We experienced a patient with Neuro-Sweet disease, a clinical entity proposed by Hisanaga et al in 2005. A 39-year-old man developed fever, sore throat, arthralgia, and painful erythematous plaques on his left arm and left eyelid. One month later, a central nerve disorder appeared; it was diagnosed as brainstem encephalitis by magnetic resonance imaging and cerebrospinal fluid study. A skin biopsy of the lesion on his eyelid demonstrated massive mature neutrophilic infiltration in the dermis without vasculitis. Human leukocyte antigen typing showed Cw1, but not B51 or B54. No ocular disorder was found. We diagnosed him with Neuro-Sweet disease. Systemic corticosteroid therapy dramatically improved his symptoms within a few weeks. Since the treatment, there has been no recurrence.
The purpose of this study was to determine the relationship in malignant melanoma between the Dopper flow signals and the immnohistochemical findings of blood vessels, including the microvessel density (MVD) and the expression of α-smooth muscle actin (αSMA) and calponin in blood vessel walls. Sixteen lesions from primary malignant melanoma, 10 lesions from nevus cell nevus, and 18 lesions from lymph nodes in malignant melanoma patients (10 positives, and 8 negatives) were examined with power Doppler sonography. Doppler flow signals were detected in 81.3% of primary melanoma lesions and 90% of lymph nodes with metastasis. Malignant melanoma had a higher MVD than nevus cell nevus (p<0.01). In primary melanoma specimens, the area closest to the tumor mass showed highest MVD (p<0.05). In particular, the number of vessels with diameter less than 25 μm was increased. In primary melanoma , the expression of αSMA and calponin in the blood vessel walls located in or close to the tumor mass was reduced (p<0.01). Our study indicates that there may be a correlation between high Doppler flow signal and high MVD or reduced expression of αSMA and calponin in tumor vessel walls in malignant melanoma.
We report a 63-year-old man with a recurrent tumor on his upper back. The histopathological examination disclosed markedly pleomorphic areas mimicking malignant fibrous histiocytoma in addition to foci of fascicles consisting of smooth muscle cells. With the diagnosis of pleomorphic leiomyosarcoma (PLMS), he was treated with wide excision, chemotherapy, and radiation therapy. Ten years later, he visited our hospital because of a skin metastasis on his left elbow. A wide excisional biopsy showed a great amount of osteoclast-like giant cell infiltration in addition to the aforementioned PLMS histopathology. PLMS is a more aggressive variant of leiomyosarcoma. Despite the local recurrence and distant skin metastasis, our patient had a relatively long term survival. Furthermore, three years later, a second primary malignancy appeared on his upper back. It was diagnosed as myxoid liposarcoma.
From the time of finasterideʼs release in Japan in 2005 to November of 2006, 449 patients have been treated with the drug for androgenetic alopecia (AGA) at Tokyo Medical University Hospital. Each case was classified, and data concerning body hair density, family history, environmental factors, patient anxiety about AGA, previous treatment, and expectations regarding finasteride were recorded. The efficacy of finasteride was assessed using photographs taken before and after six months of treatment. Results showed that 43% and 17% of patients were type II and III (Norwood-Hamilton classification), respectively; less than 10% were type VI and VII patients; 66% reported some improvement; and 17% dropped out. Hair of the face and lower limbs was comparatively denser than in other areas. Respectively 68% and 44% of the patients reported a father or grandfather with AGA. The correlations of data between continuing participants and dropouts was analyzed. We found no significant differences in Norwood-Hamilton categories, but a significant difference in family history. If the patients had no family history of AGA, they tended to stop taking finasteride (dropped out). One patient reported difficulty in concentrating, prompting discontinuation of the drug.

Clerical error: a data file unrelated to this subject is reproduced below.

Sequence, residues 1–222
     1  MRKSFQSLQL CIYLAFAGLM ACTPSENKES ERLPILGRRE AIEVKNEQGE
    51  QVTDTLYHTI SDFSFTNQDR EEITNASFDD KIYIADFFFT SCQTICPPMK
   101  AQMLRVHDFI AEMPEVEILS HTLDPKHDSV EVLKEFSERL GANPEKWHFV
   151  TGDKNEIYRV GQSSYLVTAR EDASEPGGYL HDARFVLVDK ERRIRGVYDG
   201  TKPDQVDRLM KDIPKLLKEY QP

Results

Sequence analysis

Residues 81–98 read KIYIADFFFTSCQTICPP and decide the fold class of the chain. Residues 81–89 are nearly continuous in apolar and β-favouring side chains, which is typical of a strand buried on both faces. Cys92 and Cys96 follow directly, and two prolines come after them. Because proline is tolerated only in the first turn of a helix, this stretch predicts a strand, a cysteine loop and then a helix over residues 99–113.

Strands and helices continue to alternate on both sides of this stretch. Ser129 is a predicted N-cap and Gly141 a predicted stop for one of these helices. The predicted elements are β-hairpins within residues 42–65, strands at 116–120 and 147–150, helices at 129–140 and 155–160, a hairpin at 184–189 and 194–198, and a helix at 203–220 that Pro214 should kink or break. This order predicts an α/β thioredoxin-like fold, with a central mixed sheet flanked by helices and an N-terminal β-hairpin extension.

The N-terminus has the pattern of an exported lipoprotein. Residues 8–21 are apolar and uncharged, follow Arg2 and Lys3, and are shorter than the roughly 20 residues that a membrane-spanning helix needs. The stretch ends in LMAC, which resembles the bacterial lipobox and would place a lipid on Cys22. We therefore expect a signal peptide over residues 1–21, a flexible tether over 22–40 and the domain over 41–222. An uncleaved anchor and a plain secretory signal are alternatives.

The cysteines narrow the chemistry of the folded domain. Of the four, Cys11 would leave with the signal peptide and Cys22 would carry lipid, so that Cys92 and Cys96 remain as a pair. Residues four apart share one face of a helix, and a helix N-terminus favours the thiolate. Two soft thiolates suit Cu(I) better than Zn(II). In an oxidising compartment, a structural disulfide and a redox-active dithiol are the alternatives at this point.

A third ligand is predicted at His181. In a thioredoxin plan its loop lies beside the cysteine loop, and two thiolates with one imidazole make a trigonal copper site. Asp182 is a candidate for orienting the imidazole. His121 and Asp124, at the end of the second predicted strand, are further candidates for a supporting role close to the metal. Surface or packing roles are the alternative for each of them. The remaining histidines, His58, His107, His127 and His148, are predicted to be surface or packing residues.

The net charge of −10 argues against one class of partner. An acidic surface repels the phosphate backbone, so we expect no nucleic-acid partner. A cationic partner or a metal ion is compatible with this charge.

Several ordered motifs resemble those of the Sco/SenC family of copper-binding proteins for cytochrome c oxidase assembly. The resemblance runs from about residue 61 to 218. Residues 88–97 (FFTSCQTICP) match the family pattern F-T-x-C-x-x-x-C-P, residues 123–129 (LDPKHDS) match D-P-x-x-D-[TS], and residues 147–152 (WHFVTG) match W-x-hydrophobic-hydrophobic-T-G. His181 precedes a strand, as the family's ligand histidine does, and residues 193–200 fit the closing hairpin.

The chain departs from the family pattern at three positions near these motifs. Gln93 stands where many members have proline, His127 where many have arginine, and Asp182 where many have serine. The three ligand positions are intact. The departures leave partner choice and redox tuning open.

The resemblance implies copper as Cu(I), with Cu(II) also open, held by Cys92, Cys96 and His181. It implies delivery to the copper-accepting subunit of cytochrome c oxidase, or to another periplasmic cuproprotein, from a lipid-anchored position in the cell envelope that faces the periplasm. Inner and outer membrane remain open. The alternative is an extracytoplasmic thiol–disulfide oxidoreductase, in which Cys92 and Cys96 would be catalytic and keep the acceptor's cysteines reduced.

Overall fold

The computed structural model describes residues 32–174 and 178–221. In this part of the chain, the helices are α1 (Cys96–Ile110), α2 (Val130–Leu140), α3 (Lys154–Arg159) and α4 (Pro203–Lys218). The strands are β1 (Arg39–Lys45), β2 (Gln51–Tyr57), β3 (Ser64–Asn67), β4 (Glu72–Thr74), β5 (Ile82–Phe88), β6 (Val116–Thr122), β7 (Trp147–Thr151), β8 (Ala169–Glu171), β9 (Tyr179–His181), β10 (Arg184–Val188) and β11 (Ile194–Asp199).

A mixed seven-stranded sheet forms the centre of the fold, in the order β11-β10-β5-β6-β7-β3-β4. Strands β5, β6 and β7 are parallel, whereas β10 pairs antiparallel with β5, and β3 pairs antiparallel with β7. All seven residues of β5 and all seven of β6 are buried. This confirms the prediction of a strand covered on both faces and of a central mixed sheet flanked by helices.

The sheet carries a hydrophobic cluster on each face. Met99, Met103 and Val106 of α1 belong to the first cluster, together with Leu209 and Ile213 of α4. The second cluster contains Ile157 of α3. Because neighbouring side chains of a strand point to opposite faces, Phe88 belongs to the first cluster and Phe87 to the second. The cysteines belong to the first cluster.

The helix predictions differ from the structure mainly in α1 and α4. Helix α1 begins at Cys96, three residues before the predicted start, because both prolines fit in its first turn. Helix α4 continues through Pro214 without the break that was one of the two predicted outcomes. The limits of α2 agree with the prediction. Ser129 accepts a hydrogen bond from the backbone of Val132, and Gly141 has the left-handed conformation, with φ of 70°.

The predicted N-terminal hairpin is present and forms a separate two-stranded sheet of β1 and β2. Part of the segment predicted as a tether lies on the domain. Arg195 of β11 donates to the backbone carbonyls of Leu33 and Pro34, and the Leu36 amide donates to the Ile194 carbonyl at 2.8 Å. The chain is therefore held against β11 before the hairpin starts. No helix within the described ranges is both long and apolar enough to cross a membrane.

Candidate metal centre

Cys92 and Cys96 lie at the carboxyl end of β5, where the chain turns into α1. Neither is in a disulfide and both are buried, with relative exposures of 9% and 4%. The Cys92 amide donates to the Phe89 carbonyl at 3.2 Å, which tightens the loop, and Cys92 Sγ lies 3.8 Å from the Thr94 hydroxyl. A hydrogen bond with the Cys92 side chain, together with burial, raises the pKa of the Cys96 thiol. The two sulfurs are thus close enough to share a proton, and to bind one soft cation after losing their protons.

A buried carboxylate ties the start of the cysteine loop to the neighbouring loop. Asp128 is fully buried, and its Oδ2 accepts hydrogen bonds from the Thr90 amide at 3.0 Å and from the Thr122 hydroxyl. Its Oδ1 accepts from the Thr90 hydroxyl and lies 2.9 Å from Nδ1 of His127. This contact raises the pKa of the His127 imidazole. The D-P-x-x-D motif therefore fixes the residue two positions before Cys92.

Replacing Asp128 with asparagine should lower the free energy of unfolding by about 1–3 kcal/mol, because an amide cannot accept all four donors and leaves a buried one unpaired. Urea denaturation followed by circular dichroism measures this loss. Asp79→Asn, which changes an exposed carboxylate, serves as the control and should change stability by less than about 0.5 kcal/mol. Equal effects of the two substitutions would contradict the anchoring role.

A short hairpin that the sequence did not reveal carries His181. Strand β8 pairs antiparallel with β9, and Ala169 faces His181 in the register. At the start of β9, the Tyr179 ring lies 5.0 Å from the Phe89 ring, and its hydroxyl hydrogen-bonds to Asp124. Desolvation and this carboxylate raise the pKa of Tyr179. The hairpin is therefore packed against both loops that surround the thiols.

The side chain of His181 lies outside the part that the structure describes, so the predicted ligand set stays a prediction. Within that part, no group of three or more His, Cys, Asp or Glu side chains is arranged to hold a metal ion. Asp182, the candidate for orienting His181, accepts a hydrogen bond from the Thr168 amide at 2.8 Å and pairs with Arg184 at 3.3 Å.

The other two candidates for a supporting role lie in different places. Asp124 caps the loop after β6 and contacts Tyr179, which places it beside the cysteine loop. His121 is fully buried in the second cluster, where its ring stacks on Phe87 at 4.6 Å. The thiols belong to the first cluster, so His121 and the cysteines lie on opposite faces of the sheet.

We report eight cases of drug eruption due to itraconazole pulse therapy. Six of these cases exhibited erythema multiforme; exanthematous maculopapular rush was observed in other two cases. One out of the eight cases were confirmed by either an oral challenge test and another by a drug-induced lymphocyte stimulation test (DLST). Importantly, eruptions were provoked durings or immediately after the first series of therapeutic treatments in all eight cases, i.e., 400mg/day for 7 days. Only seven domestic cases of drug eruption due to itraconazole were reported during the nine years from 1993 to 2002. However, after the emergence of itraconazole pulse therapy in 2002, an additional nine cases were reported within the brief period of the following three years. We have experienced eight cases of drug eruption due to itraconazole pulse therapy.